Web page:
How wealthy? How pious?

Tarsometatarsi of chickens
Courtesy of Southampton University

The status of Eynsham and St Albans abbeys between the 8th to the 12th centuries re-examined in the light of their food remains [1]

Research project

In 2017 a multi-disciplinary team from Southampton University led by Dale Serjeantson and Pam Crabtree undertook a project to analyse food remains unearthed during excavations around the Abbey in the late 1970s and early 1980s, and to compare these with food remains at another abbey at Eynsham.

The aim was to examine how the diet at the abbey reflected changes in the Benedictine rule and in the wealth and status of the Abbey between the Late Saxon and Norman period. St Albans Abbey was refounded as a Benedictine monastery by Paul of Caen, the first Norman abbot.

Food remains

St Albans Abbey was excavated by Martin Biddle and Birthe Kjølbye-Biddle in two phases: the area of the former Chapter House in 1978 and part of the former Cloister area in the 1980s . The bones from the Chapter House were recorded in 1983; the report written was later revised. The remains are mostly waste from the consumption of meals.

A later grouping of food remains dates from the time of the first Norman abbot, Paul of Caen. He embarked on rebuilding the abbey at the end of the 11th century. The western cloister range of Paul of Caen was demolished by his successor and the south part of the range was filled with what looked like midden material from the time of the building works of Paul of Caen. This deposit contained pottery of late 10th, 11th and early 12th century date as well as shell, metal working residue, fragments of stone and animal bones. During excavation the midden deposit was noted to be densely packed with fish and bird as well as mammal bones.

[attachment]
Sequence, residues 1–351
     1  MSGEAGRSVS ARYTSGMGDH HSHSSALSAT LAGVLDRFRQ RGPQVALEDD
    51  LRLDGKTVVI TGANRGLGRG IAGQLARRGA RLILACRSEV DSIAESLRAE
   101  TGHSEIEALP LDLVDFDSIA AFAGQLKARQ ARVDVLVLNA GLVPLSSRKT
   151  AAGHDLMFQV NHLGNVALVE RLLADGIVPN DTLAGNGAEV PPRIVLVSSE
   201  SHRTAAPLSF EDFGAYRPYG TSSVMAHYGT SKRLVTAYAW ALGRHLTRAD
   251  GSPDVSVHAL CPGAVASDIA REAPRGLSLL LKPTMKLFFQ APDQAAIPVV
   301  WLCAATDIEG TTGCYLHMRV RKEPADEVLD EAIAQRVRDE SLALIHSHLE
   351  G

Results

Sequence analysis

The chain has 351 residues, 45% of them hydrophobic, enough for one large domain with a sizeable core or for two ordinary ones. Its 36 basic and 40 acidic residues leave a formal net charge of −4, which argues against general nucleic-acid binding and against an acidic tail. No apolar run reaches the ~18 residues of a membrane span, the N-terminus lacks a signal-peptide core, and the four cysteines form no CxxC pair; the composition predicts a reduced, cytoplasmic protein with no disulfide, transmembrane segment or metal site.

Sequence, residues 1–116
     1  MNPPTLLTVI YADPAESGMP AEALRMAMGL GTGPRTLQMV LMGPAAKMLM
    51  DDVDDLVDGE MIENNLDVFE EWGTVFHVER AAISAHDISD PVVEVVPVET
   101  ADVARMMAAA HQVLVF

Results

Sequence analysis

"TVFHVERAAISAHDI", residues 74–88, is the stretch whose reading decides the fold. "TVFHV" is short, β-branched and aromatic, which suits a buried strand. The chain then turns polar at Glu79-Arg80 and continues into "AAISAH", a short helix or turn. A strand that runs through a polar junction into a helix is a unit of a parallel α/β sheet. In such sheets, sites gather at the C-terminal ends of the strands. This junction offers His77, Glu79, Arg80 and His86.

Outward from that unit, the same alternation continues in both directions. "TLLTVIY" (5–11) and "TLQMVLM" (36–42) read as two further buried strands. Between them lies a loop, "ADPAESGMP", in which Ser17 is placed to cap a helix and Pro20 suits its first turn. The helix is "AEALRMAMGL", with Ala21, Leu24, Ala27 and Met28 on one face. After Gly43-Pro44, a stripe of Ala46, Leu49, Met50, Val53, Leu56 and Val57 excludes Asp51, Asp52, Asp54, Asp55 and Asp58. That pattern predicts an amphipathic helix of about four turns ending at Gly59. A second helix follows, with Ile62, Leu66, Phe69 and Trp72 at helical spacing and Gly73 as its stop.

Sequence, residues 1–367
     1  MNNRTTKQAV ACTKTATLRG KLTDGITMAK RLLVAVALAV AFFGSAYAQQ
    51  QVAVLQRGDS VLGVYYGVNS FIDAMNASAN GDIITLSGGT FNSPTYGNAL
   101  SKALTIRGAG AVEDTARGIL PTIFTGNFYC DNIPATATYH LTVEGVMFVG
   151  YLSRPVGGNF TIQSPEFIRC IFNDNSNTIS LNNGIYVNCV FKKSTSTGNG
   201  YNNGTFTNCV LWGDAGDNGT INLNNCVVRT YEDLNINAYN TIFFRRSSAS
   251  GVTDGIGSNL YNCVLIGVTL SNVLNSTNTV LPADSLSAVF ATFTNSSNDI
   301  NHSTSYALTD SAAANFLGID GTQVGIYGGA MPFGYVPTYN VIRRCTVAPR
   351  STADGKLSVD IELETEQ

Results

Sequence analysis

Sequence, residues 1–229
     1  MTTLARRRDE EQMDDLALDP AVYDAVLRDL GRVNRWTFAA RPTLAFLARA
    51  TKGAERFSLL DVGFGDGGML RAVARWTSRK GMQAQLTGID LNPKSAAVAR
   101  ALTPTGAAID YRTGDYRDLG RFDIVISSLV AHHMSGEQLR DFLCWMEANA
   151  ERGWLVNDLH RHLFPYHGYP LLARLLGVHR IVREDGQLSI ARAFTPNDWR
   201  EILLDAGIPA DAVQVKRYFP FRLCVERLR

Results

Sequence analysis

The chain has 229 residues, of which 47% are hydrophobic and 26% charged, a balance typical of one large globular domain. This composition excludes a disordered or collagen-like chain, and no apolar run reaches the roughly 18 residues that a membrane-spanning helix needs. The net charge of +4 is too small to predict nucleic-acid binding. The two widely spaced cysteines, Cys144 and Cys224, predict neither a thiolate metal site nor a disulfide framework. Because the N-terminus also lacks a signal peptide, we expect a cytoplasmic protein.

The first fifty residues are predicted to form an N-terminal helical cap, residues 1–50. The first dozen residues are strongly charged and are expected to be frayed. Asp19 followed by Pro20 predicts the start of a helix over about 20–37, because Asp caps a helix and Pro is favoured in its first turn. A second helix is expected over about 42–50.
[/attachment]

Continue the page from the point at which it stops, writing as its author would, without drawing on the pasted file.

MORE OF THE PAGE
Dietary rules

The earliest explicit attempt by the Roman church to make distinctions in food consumption between Christians and others was by St Benedict of Nursia in the 6th century. He set out regulations for the conduct of the Roman church including many that relate to food. In the 7th century Pope Gregory the Great expressly prohibited the eating of horse flesh because of its association with pagan Saxon religious practices. While pagan Saxon culture celebrated feasting to excess, St Benedict enjoined Christians to ‘abstain from eating the flesh of four-footed animals’, so fish, birds, eggs and dairy foods were permissible as well as vegetable foods, but flesh meat was – in theory – forbidden.

The weak and sick were exempt from the Rule. In the 8th century the Rule of Chrodegang, a reworking of the Rule of St Benedict by the Bishop of Metz, a novice monk, when questioned, says that he eats ‘vegetables and eggs, fish and cheese, butter and beans’ and, because he is still under tutelage, ‘I still eat flesh-meat’. The Rule of Chrodegang is one of the first to set out how food and fasting rules were modified of suit environmental conditions in northern Europe. Over the course of the Middle Ages, these regulations were constantly debated and re-interpreted.

Saxon minsters

The early Saxon minsters in England were established by the kings and their relatives. They did not necessarily follow St Benedict or any other central authority for guidance on diet, but followed the custom of the individual who founded the house. As abbots and bishops were drawn from ruling families, their food regimes mirrored that of elite secular households of the time. However Anglo-Saxon law codes make it clear that fast days were followed from the 7th century onwards. When King William and the later Norman kings took control of the major institutions in England, they distanced themselves from their predecessors by professing abstemiousness, described as a kind of ‘dietary piety’.

Norman abbeys

Once reformed as Benedictine abbeys, establishments such as Eynsham and St Albans would have aimed to follow the Rule so far as food was concerned. The church calendar included many feast days. Those held on important days were as important as the fasts that preceded them so there were many occasions when flesh meat might be eaten. Excavated contexts on archaeological excavations only very rarely provide evidence for single occasions, so the food remains tend to amalgamate the evidence for feasts as well as fasts.